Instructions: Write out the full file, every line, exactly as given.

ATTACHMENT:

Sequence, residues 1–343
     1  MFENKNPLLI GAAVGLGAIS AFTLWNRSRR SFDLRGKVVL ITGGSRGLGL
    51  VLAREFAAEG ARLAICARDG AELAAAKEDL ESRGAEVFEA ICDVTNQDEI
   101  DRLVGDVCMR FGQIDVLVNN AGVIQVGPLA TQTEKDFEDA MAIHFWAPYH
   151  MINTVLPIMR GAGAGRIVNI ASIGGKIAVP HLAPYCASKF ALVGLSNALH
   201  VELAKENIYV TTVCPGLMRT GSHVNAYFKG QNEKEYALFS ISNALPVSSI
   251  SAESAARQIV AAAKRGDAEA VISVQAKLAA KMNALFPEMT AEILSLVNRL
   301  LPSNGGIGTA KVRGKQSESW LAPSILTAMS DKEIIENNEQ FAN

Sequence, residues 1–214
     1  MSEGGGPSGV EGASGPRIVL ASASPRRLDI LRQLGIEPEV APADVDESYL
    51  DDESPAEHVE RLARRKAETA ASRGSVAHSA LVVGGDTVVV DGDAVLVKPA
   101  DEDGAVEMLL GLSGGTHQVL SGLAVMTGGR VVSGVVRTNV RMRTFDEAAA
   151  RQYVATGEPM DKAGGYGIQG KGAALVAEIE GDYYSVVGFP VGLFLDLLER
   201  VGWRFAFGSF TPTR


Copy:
Sequence, residues 1–343
     1  MFENKNPLLI GAAVGLGAIS AFTLWNRSRR SFDLRGKVVL ITGGSRGLGL
    51  VLAREFAAEG ARLAICARDG AELAAAKEDL ESRGAEVFEA ICDVTNQDEI
   101  DRLVGDVCMR FGQIDVLVNN AGVIQVGPLA TQTEKDFEDA MAIHFWAPYH
   151  MINTVLPIMR GAGAGRIVNI ASIGGKIAVP HLAPYCASKF ALVGLSNALH
   201  VELAKENIYV TTVCPGLMRT GSHVNAYFKG QNEKEYALFS ISNALPVSSI
   251  SAESAARQIV AAAKRGDAEA VISVQAKLAA KMNALFPEMT AEILSLVNRL
   301  LPSNGGIGTA KVRGKQSESW LAPSILTAMS DKEIIENNEQ FAN

Sequence, residues 1–214
     1  MSEGGGPSGV EGASGPRIVL ASASPRRLDI LRQLGIEPEV APADVDESYL
    51  DDESPAEHVE RLARRKAETA ASRGSVAHSA LVVGGDTVVV DGDAVLVKPA
   101  DEDGAVEMLL GLSGGTHQVL SGLAVMTGGR VVSGVVRTNV RMRTFDEAAA
   151  RQYVATGEPM DKAGGYGIQG KGAALVAEIE GDYYSVVGFP VGLFLDLLER
   201  VGWRFAFGSF TPTR